May 2, 2018 – Iranian activist awarded defamation damages after anonymous web harassment —

The following article appeared in the Canadian Lawyer on May 2, 2018. Visit the original article here. 

An Iranian LGBTQ activist based in Germany has been awarded damages by a Canadian court for egregious defamations, after the judge ruled that the defendant was most likely responsible for anonymous web posts.

Shadi Amin, otherwise known as Soheila Amintorabi, brought claims against Arsham Parsi, otherwise known as Alireza Abrishami, in Toronto Small Claims Court because she believed he was behind anonymous posts on multiple websites and letters sent to Amnesty International and the BBC. Parsi, who is an Iranian LGBTQ activist based in Toronto, maintains that he was not responsible for the posts. Amin says that the anonymous posts hurt her career and personal relationships.

“I was hurt in all of my relations, with my work with my colleagues, with journalists, with all the organizations, it was always something between us,” she says. “I knew that a lot of people have read these nasty articles and I knew that a lot of people don’t ask me about them, but I could see in their eyes that something was always a big question.”

The posts allege, among other things, that Amin took part in money laundering, homophobia and sexual assault. After three years of the anonymous posts, Amin asked a tech-savvy friend to trace the origins of one of the websites. She found that it was published under a web hosting account belonging to Parsi. During the proceedings, a tech expert testified that the website could be connected to another website that was operated by Parsi.

Amin’s lawyer, Cory Wanless of Klippensteins Barristers and Solicitors, says he’s happy with the ruling because it is often hard to prove the identity of the creator of a website.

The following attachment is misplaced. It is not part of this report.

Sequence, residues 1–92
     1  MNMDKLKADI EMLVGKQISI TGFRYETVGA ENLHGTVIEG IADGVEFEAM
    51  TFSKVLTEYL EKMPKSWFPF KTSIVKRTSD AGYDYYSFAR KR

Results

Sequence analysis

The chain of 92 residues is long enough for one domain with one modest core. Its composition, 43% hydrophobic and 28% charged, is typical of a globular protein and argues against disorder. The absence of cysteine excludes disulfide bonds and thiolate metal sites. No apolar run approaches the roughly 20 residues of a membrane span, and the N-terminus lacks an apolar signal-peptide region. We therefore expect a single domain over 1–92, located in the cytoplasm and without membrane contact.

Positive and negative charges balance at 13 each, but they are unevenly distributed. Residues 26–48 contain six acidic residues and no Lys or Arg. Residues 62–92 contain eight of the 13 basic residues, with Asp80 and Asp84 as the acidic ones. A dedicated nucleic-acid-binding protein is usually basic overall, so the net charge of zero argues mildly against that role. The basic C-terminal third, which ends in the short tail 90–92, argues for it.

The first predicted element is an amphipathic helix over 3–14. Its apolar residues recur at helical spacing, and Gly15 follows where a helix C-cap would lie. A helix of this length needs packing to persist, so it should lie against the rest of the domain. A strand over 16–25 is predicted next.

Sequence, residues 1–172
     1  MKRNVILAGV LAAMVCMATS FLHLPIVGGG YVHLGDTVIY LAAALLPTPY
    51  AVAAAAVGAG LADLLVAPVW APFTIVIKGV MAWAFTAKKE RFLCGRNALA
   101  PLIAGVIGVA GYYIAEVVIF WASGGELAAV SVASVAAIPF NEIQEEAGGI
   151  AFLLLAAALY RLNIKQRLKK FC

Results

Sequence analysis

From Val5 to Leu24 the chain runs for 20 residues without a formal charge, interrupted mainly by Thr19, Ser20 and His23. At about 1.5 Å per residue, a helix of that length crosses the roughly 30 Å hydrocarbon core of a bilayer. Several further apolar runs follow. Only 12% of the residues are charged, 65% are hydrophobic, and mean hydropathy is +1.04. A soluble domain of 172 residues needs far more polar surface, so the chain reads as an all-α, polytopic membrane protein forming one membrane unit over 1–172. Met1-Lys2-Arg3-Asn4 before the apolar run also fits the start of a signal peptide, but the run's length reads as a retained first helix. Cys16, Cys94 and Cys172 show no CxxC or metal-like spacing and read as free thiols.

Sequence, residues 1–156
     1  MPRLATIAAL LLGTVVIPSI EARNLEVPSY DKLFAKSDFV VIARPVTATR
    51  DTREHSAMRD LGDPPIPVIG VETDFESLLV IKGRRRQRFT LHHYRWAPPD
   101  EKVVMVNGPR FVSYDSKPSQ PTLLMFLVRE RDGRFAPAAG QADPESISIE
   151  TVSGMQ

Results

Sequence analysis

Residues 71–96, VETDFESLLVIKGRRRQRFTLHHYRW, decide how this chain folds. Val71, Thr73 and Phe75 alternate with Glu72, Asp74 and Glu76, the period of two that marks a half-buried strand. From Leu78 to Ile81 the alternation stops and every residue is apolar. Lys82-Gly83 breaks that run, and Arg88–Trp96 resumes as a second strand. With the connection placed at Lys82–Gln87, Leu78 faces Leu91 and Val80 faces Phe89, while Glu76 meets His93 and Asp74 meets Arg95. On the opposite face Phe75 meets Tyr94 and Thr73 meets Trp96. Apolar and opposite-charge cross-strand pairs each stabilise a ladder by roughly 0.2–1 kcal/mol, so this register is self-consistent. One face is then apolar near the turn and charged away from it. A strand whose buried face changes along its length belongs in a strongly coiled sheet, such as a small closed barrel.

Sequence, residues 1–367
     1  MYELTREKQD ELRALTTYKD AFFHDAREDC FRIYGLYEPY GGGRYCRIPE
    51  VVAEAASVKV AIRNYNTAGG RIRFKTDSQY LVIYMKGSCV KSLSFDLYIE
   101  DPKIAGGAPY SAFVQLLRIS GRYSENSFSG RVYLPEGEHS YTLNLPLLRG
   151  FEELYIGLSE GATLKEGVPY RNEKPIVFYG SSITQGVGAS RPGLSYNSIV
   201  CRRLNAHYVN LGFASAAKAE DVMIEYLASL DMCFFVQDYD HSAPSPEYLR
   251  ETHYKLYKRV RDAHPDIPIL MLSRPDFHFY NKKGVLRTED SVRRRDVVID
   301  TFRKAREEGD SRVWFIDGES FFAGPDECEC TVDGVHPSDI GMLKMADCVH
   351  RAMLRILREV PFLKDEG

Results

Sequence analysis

“It is fairly easy with a little bit of know-how to create a website that is untraceable,” he says. “And it is very difficult and very expensive and often very unsuccessful to try and get the internet companies to give you the information that you might need to go after the person who is responsible for the anonymous, defamatory website.”

Although he admitted the connection, Parsi implied throughout the proceedings that he must have been hacked, or that someone else was actually the author of the posts. Deputy Judge Christopher Ashby ruled that Parsi was responsible for the anonymous posts on a balance of probabilities, as he did not prove that he was hacked or that someone else wrote the posts on his website. He ruled that Parsi pay Amin $25,000 in damages.

Behrouz Amouzgar, Parsi’s lawyer and founder of Lexpand PC, says that although they respect the ruling made by Judge Ashby, the fact that the ruling was made on a balance of probabilities means that the court did not conclusively prove that Parsi was the one who made the posts.

“If it was beyond a reasonable doubt, absolutely this wouldn’t have happened,” he says. “And I’m not saying it should be beyond a reasonable doubt, I’m just saying that this judgment doesn’t mean that with certainty my client was responsible. My position is that he wasn’t.”

Amouzgar says he is still waiting for instructions from Parsi as to whether or not they will appeal the ruling.

Amin says the defamatory online statements were particularly damaging to her work because Iranian LGBTQ people are vulnerable to extreme persecution. As an exile working with the LGBTQ community in Iran, the people she is trying to help have to use the internet to make sure she is a safe and trustworthy person to work with.

“Everybody who’s searched my name has come to these nasty articles and that’s why it makes it more important to have this judgment, so when they go to Google, when they search my name, these articles [about the judgment] will be trump,” she says.

Wanless says he is happy that he could help Amin restore her credibility in order to continue her activist work.

“It’s important to her that she can do this work and it’s very gratifying as a lawyer to have represented her and to have seen justice to be done,” he says.